To summarize the operation of the clutch mechanism, assume the pinion gear to be in driving relation with the ring gear 19 and the starting motor capable of imparting clockwise motion to the clutch housing through the shaft 12, as viewed in FIGURES l and 2. The spring 40 is constantly urging the cage in a counter clockwise direction, causing the rollers 28 to ride up the cams 27 while in contact with the cylindrical portion 22 of the pinion. The clockwise motion of the housing will cause an immediate locking action by further wedging the rollers between the high of the cam surfaces and the cylindrical surface of the pinion gear. The pinion, being locked in driving position in the clutch mechanism, will then transmit rotary motion to the ring gear 19 to thereby rotate the flywheel of the internal combustion engine.

When the engine fires, the pinion speed will exceed the speed of the starter motor, causing the pinion 20 and its cylindrical portion 22 to rotate in a clockwise direction at a higher rate of speed than the housing 25, thus releasing the roller load. When this takes place, the bias of the spring 40 on the cage 30 will maintain the rollers 28 in light frictional engagement with the cylinder on the pinion and with the housing during normal over-running speeds. This permits the rollers to pick up the torque load for continued cranking in the event of the firing was a false start.

In the event that after starting the operator causes the engine to run at an excessive rate of speed While keeping the pinion gear engaged, the starter motor and clutch housing may tend to over-speed due to clutch over-running friction. During this type of over-running, however, the centrifugal force on the rollers increases and they tend to move backward and outward into the deep part of the cam. By careful spring selection, then, it is possible to control the over-running friction of the clutch to discourage over-speeding of the armature during normal operation yet supply the desired bias force to insure proper lockup under cold temperature conditions and after normal over-runs due to false start.

In FIGURES 8 and 9 an alternate form of the invention is shown wherein a liner 6t and a cage member 62 are provided, suitable for use in a four-roller clutch assembly. The parts are identical in configuration except for the number of cam surfaces 64 in the member 60 and the number of openings 65 in the member 62. If desired, the member 62 can be identical with that shown in FIGURES 5 and 6 with a roller being positioned in every other opening 65. The operation of the parts and the mechanical principles involved in a four-roller clutch are essentially the same as that of the eight-roller clutch described hereinbefore. The four-roller clutch assembly is designed for medium duty applications, Whereas, the eight-roller assembly is more suitable for medium heavy duty applications, having reference to the size of the internal combustion engine with which it is to be used. Either of these clutches can be varied in size to satisfy the load requirements of a given application and yet utilize the same mechanical principles.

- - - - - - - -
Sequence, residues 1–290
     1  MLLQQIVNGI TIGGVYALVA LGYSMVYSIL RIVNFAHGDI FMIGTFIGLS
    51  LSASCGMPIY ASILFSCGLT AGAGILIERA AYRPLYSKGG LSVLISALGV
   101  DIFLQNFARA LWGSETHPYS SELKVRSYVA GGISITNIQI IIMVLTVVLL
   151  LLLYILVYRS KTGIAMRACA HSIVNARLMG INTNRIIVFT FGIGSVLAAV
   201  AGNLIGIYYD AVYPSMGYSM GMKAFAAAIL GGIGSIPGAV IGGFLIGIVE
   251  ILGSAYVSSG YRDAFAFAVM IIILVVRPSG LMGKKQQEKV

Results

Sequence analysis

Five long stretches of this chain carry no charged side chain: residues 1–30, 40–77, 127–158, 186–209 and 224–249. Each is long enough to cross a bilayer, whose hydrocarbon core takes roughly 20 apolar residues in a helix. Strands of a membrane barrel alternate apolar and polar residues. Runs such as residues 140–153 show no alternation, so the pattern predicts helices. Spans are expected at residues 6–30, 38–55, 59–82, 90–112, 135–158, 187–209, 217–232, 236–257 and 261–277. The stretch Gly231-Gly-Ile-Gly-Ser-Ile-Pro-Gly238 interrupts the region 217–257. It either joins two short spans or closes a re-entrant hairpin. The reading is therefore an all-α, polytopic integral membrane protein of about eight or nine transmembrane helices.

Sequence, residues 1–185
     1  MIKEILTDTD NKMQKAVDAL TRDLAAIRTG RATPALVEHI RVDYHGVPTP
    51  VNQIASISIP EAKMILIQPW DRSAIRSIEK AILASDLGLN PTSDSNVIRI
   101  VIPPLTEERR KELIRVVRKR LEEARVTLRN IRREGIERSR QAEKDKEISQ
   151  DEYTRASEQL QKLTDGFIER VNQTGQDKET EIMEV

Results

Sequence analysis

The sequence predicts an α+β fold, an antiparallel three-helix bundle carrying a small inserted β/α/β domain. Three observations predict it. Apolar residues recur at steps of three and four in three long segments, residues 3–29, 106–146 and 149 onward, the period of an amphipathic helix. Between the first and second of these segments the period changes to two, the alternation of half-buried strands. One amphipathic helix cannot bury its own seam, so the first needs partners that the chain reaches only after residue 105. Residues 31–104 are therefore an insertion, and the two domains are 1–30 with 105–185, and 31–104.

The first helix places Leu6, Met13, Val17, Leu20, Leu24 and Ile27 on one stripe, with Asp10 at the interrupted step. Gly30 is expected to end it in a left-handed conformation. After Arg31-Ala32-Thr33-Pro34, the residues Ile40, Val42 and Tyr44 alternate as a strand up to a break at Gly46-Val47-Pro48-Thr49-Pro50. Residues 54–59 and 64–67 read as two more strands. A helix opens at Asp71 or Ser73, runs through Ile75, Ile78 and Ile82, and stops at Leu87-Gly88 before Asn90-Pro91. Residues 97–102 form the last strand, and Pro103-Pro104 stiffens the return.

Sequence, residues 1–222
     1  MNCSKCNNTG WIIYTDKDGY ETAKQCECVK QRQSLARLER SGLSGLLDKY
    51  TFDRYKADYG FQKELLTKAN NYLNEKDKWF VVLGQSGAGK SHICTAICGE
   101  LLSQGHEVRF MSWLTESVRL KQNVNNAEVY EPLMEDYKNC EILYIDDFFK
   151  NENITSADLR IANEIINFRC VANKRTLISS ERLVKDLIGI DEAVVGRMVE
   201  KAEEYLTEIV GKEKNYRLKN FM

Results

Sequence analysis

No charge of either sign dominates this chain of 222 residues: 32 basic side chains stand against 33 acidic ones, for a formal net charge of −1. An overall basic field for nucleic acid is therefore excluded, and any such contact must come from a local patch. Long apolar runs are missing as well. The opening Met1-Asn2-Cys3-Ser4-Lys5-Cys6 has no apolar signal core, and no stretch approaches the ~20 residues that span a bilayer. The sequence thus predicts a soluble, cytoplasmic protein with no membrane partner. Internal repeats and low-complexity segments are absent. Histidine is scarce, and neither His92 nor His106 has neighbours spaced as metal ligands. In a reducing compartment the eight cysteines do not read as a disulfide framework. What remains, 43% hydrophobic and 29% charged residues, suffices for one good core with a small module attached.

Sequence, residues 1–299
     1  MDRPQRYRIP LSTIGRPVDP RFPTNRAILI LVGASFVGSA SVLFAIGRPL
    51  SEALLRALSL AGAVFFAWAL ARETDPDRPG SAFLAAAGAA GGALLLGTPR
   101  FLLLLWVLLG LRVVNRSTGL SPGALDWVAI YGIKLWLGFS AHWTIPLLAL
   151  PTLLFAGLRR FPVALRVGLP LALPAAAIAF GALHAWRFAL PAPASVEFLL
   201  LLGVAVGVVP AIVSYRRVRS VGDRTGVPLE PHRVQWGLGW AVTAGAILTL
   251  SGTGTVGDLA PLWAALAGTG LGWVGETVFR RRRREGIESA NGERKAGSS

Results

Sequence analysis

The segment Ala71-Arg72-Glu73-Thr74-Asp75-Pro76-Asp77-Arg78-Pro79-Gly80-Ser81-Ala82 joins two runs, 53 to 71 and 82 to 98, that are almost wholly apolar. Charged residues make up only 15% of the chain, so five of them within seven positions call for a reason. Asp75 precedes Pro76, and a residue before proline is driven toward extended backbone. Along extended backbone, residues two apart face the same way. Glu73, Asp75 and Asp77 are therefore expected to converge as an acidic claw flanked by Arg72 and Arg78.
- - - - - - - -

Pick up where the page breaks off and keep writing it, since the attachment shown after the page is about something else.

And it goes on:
It is to be understood that the above detailed description of the present invention is intended to disclose an embodiment thereof to those skilled in the art, but that the invention is not to be construed as limited in its application to the details of construction and arrangement of parts illustrated in the accompanying drawings since the invention is capable of being practiced and carried out in various ways without departing from the spirit of the invention. The language used in the specification relating to the operation and function of the elements of the invention is employed for purposes of description and not of limitation, and it is not intended to limit the scope of the followig claims beyond the requirements of the prior art.

What is claimed:

1. In an overrunning clutch comprising inner and outer members, said outer member comprising a cup-shaped housing fabricated from a material selected for its toughness having an inner cylindrical surface, a liner for said housing fabricated from a material selected for its hardness having a cylindrical outer surface positioned in touching relation with the inner cylindrical surface of the outer member, a layer of bonding material between said outer member and liner permanently positioning the liner within the outer member, said liner having a plurality of symmetrically space cam surfaces formed on its inner annular surface, said inner member comprising a cylindrical portion projecting into the outer housing from its open side, a cage member of integral construction positioned between the cylindrical surface on the inner member and the cam surfaces on the inner surface of said liner, said cage member being dimensioned to extend substantially the entire radial distance therebetween and provided with diametrically-disposed pairs of spaced radial apertures of rectangular conformation to cooperate with the cam surfaces on the inner surface of said liner and the outer cylindrical surface of the inner member, the corresponding sides of the pairs of rectangular apertures being in the same plane, a plurality of cylindrical rollers adapted to be tures to lock between the outer cylindrical surface of the inner member and the cam surfaces on the inner surface of said liner at selected positions without skewing, one roller being provided for each rectangular aperture and cooperating cam surface on the liner, and a single prestressed spring having its outer end anchored to the outer member and its inner end connected to the cage member to urge all of the rollers simultaneously into locking position between the cam surfaces of the liner and the cylindrical inner member.